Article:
The SGA writers forgot, however, that not every piece of Census data is available (or accurate) for every jurisdiction. Since I’ve done too much data work for too many places, I’ve become very familiar with the “(X)” in American Factfinder2 tables—which indicates that the requested data is not available.

In the case of YouthBuild, the SGA also specifies that dropout data must be gathered using a site called Edweek. But dropout data can’t really be standardized for the reasons that I only began to describe in the third paragraph of this post (I stopped to make sure that you don’t kill yourself from boredom, which would leave a gory mess for someone else to clean up). As local jurisdictions experiment with charter schools and online education, the data in sources like Edweek is only going to become more confusing—and less accurate.

If a YouthBuild proposal loses a few need points because of unavailable or unreliable data sources, or data sources that miss particular jurisdictions (as Edweek does) it probably won’t be funded, since an applicant needs almost a perfect score to get a YouthBuild grant. We should know, as we’ve written at least two dozen funded YouthBuild proposals over the years.

Standardized metrics from funders aren’t always good, and some people will get screwed if their projects don’t fit into a simple jurisdiction or if their jurisdiction doesn’t collect data in the same way as another jurisdiction.

As often happens at the juncture between the grant world and the real world, there isn’t an ideal way around this problem. From the perspective of funders, uniform data requirements give an illusion of fairness and equality. From the perspective of applicants trapped by particular reporting requirements, there may not be a good way to resolve the problem.

Applicants can try contacting the program officer, but that’s usually a waste of time: the program officer will just repeat the language of the RFP back to the applicant and tell the applicant to use its best judgment.

The optimal way to deal with the problem is probably to explain the situation in the proposal and offer alternative data. That might not work. Sometimes applicants just get screwed, and not in the way most people like to get screwed, and there’s little to be done about it.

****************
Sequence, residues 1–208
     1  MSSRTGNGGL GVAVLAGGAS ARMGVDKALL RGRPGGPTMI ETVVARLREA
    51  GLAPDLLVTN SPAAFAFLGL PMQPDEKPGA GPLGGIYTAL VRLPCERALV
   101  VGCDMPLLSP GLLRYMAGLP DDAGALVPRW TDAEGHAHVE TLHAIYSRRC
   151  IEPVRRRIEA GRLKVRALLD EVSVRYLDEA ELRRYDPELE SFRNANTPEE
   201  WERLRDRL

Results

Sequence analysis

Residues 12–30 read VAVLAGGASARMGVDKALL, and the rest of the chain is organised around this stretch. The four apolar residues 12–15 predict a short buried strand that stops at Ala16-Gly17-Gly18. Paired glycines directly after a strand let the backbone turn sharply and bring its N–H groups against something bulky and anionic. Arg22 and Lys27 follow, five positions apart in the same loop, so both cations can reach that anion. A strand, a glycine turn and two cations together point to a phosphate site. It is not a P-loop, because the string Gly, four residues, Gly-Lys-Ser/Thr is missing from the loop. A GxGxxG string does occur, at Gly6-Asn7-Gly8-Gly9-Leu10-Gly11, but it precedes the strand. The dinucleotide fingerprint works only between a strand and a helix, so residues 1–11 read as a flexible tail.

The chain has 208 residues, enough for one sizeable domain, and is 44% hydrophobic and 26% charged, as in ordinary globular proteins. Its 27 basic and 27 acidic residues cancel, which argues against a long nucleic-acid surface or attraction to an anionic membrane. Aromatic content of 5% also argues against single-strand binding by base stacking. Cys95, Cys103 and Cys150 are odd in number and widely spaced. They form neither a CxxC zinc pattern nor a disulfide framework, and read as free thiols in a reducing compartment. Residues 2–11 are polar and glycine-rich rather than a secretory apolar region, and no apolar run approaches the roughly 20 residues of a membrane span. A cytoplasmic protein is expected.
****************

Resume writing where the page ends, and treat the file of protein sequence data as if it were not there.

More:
* About 15 years ago, Isaac actually talked to the demographer who worked at the Department of Education on dropout data. This was in the pre-Internet days, and he just happened to get the guy who works on this stuff after multiple phone transfers. He explained why true, comprehensive dropout data is impossible to gather nationally, and some of his explanations have made it to this blog post.

No one ever talks to people who do stuff like this, and when they find an interested party they’re often eager to chat about the details of their work.

Are You Experienced? Face Forward—Serving Juvenile Offenders SGA: A New Department of Labor Program That Mirrors YouthBuild

Despite all the teeth gnashing and flailing of arms over the recent sequestration non-calamity, the Department of Labor has found $26,000,000 to issue an SGA (DOL-speak for “RFP”) announicng an entirely new program: Face Forward-Serving Juvenile Offenders, with grants up to a million dollars. In the face of all this squawking, honking and flapping of wings over the budget, DOL has birthed an entirely new grant program. As a grant writer, I’m kvelling like I would be from seeing a grandchild from one of my kids. Even better, this bouncing baby grant program is almost a dead ringer for its teen sibling and our favorite DOL program, YouthBuild. Why? Because:

  • The target population is at-risk youth ages 16 – 24.
  • It mandates basic skills instruction leading to a GED.
  • It mandates job training services, leading to an “industry-recognized” credential, whatever that is. But—and this is a big butt—you don’t have to focus on construction training, which makes the job training piece much easier to conceptualize and implement.
  • It mandates case-managed wraparound supportive services—including mentoring, “Individual Career Plans” (ICPs), leadership development activities, and so on.